As Iran has been promoting its naval prowess and ability to shut the Straits of Hormuz, US naval assets have been busy rescuing Iranian sailors.
The information warriors at the Pentagon probably can't believe their luck.
Iran has spent much of the past month crowing about how it could shut down the Strait of Hormuz -- a choke-point for vast quantities of seaborne oil for nearly 40 percent of the world -- and said it was "warning" the US to keep its ships out of the Persian Gulf. The US, as a far greater naval power, with a naval base in Bahrain, and an interest in keeping sea lanes open, brushed off the Iranian threat.
Though tensions have continued to rise, with Iran sentencing Iranian-American Amir Mirzaei Hekmati to death yesterday for allegedly spying (his family says he returned to Iran to visit his grandmother) and new US sanctions on Iran's central bank, two peaceful opportunities to underscore the US naval reach in the region literally fell into America's lap.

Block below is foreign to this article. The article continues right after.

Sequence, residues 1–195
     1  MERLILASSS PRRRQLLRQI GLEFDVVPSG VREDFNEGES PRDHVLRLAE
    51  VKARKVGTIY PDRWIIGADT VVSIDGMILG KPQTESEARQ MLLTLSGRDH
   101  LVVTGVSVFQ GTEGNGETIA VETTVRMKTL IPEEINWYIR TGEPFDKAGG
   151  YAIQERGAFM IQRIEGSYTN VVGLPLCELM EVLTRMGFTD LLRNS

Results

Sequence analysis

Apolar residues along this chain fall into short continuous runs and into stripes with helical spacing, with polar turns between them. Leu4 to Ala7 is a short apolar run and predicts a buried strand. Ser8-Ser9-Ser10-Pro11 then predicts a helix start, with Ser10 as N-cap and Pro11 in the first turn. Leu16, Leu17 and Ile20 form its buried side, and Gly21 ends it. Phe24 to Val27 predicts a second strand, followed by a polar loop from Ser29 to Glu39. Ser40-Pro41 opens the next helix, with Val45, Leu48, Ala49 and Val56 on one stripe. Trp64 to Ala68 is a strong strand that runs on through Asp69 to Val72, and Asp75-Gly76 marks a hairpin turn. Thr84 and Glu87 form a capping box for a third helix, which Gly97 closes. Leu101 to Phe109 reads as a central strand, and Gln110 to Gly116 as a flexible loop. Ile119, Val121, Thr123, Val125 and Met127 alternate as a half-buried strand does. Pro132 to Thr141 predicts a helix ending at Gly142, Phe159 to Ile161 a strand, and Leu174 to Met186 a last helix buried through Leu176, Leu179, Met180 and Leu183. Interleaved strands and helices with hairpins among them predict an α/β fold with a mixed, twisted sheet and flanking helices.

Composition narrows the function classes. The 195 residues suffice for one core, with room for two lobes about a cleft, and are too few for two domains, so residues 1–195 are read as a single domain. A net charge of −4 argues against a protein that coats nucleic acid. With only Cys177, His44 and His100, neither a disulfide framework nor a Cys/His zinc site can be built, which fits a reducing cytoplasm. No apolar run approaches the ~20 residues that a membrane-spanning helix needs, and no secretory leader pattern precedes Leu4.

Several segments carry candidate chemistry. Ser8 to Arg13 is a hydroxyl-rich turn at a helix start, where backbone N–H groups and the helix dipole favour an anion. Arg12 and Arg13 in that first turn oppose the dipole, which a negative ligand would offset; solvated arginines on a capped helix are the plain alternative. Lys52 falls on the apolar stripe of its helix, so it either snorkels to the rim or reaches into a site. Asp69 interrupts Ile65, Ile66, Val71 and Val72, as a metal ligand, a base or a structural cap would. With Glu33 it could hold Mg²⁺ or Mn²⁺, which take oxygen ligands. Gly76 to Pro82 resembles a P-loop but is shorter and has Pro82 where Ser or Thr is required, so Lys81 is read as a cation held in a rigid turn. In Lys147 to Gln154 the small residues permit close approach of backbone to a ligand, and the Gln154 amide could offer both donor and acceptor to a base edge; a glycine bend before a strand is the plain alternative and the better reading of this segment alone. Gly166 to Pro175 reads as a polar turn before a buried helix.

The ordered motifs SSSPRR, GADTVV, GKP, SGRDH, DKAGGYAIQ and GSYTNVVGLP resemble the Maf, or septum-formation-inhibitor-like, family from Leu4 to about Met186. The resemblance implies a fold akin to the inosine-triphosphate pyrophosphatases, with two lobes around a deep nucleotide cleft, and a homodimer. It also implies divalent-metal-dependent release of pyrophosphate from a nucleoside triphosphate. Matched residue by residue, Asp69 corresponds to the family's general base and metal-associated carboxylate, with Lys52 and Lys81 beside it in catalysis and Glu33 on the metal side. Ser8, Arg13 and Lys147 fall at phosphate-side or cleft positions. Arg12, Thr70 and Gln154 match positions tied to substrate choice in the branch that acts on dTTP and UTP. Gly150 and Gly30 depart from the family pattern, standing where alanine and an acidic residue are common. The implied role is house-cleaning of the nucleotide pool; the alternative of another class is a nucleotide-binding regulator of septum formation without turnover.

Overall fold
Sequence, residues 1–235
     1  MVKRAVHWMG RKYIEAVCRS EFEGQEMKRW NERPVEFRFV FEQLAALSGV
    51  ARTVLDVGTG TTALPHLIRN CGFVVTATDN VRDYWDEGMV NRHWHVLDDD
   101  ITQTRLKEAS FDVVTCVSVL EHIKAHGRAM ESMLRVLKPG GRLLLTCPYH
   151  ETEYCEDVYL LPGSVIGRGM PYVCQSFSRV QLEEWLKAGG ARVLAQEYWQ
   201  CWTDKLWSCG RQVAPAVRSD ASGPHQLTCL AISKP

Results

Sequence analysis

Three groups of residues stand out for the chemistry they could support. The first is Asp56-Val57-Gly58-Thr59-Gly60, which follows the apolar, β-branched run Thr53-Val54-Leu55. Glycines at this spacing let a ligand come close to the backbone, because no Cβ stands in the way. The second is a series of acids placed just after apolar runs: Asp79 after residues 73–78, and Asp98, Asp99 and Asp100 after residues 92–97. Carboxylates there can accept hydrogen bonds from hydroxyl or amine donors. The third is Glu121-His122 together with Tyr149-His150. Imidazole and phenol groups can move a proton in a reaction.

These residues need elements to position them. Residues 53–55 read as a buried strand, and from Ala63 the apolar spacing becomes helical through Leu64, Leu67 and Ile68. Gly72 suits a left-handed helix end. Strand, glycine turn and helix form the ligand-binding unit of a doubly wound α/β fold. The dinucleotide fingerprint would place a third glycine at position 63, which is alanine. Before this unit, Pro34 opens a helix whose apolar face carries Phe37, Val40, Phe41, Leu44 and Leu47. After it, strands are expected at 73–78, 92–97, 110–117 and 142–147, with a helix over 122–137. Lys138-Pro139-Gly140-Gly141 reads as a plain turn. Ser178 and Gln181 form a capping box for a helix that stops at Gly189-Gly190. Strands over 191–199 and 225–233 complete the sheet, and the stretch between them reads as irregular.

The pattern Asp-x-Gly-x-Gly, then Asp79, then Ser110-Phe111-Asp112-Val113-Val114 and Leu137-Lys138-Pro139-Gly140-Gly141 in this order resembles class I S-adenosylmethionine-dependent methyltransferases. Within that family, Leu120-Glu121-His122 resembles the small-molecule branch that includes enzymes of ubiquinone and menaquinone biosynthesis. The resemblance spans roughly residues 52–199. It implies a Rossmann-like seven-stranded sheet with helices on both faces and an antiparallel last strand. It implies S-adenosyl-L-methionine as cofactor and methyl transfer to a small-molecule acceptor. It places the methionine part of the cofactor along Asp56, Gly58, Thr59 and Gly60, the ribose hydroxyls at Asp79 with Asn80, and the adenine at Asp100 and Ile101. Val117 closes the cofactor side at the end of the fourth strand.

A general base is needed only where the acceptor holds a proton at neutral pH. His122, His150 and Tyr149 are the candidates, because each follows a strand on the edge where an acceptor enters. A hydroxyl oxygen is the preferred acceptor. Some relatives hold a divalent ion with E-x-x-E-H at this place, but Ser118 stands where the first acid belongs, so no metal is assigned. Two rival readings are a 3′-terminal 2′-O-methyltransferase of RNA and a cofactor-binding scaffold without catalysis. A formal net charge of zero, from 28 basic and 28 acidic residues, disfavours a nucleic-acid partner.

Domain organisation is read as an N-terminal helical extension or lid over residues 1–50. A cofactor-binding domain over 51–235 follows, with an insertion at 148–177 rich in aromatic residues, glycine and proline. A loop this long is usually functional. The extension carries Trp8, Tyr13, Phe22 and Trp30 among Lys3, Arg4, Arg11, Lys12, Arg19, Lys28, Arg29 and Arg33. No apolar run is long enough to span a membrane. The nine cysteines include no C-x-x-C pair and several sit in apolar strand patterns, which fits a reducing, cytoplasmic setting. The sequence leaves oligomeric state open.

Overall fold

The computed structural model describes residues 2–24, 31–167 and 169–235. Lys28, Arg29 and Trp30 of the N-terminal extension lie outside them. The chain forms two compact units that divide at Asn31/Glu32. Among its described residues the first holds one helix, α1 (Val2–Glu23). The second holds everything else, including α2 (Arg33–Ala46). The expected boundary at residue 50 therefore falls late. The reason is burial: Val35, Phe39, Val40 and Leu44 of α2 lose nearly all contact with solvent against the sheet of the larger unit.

Last week, the Navy destroyer USS Kidd swept in and rescued 13 Iranian fishermen who'd been held hostage on their small boat by Somali pirates for over a month. The fishermen, who'd been through a "horrific" ordeal according to one of their American rescuers, were given food, medical treatment, and enough fuel to steam home.